May 17, 2010

Barona racetrack is buzz-kill

Can silence be bought near Ramona racetrack?

By Logan JenkinsAlmost 40 years ago, when San Diego Country Estates, Ramona’s answer to Rancho Bernardo, was being graded, a motocross track for little kids was built on the edge of the Barona reservation.

Country Estates residents say it sounded like buzzing bees for one day maybe every other week. No big deal. It was a minor irritation disturbing the peace and quiet of country living.

Life went on until several years ago, when the Barona Oaks track seemed to get pumped up on steroids.

The bikes and riders became bigger, the hours of operation virtually all day, five days a week. A popular drag strip was added to the mix. Paintball, too.

On a recent weekday morning, I visited a house on Barona Mesa Road. Sitting on the patio, the homeowner told me that he was recently divorced. His wife, he said, just couldn’t take the noise anymore. He can’t afford to move.
And:Barona has its sovereign rights. Whatever environmental oversight there is from Washington or Sacramento evidently doesn’t include engine noise. The racetrack falls through a giant crack in pollution control.

What’s more, the Ramona residents cannot sue the tribe unless Barona agrees to be sued. (Yes, you read that right.)

A couple of years ago, county Supervisor Dianne Jacob tried to persuade Barona to move the tracks a mile or so farther inside the reservation. No way, the tribe said.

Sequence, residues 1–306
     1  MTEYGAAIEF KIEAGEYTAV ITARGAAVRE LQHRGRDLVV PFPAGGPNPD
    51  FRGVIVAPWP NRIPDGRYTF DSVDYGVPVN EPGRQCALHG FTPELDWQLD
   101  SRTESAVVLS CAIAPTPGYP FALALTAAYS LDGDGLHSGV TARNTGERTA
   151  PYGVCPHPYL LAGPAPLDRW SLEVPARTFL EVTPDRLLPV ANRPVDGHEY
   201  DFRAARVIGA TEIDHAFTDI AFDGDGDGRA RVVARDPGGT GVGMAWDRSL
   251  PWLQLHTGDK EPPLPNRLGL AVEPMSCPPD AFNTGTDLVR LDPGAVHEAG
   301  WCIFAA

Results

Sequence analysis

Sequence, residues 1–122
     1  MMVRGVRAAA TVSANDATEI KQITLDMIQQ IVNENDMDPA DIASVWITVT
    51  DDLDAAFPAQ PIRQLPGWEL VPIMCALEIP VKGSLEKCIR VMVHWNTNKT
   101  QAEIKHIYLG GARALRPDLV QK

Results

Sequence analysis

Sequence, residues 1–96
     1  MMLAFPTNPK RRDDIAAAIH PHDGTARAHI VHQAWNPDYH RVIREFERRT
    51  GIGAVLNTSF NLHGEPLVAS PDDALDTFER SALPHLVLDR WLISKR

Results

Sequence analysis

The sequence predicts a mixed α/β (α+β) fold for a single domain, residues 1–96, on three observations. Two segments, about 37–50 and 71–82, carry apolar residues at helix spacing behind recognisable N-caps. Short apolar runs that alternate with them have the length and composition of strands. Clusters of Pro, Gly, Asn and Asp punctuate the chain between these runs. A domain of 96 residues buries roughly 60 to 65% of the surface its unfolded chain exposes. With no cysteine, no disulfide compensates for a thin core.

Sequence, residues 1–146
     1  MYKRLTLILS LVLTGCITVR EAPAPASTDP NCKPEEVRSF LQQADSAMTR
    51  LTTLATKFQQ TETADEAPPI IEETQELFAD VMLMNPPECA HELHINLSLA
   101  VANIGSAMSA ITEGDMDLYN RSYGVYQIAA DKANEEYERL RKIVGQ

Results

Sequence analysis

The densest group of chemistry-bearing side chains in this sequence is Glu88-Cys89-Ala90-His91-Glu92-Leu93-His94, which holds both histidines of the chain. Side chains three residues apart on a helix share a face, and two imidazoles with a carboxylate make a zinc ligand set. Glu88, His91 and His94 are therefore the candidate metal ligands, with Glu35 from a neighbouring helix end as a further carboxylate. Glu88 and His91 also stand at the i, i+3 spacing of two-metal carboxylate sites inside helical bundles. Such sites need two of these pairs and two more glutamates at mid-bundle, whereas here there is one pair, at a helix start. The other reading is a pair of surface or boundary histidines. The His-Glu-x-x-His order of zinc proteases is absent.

The only locations that might work are “culturally sensitive.” End of conversation.

The tribe’s basic view is that its neighbors moved into an area where a motocross track already existed. If they’re so annoyed by the increased volume, they should build barriers around their houses.

From what I witnessed, the only way to block the noise would be to erect a dome over one’s property. Might suit Mars. But Ramona?

Jacob sighed over the phone and said, “It’s very frustrating.”

A couple of years ago, the county conducted a study that confirmed the obvious: The noise would be illegal coming from anywhere except from a reservation.
Comment:  Let's see...I've got no sympathy for Barona and its "we built the track 40 years ago" argument. If it wasn't a problem for 35 of 40 years, I'd say the homeowners had a right to expect that to continue.

But I've also got no sympathy for the homeowners' "we can't sue Barona" argument. They didn't know the track would change, but Barona could've developed the land in other ways. Moral of the story: You're taking a risk buying a home next to a sovereign Indian nation.

Since I have no use for motocross or the noise and dust pollution it generates, I wish the homeowners well. Unfortunately, they've already tried the things I'd suggest: organizing in a group, contacting their representatives, even protesting with signs. Other than creating a blog and Facebook page to publicize your case, I'm not sure what else to say.

I don't know how active the homeowners are, but I'd encourage them to keep at it. My impression is that a good protest eventually works. Let's hope Barona, the homeowners, and the motocross fanatics can find a compromise that satisfies everyone.

For more on the subject, see Barona's Motocross Training Center and Offroad Racetrack at Pala.

Below:  Homes beyond the racetrack?

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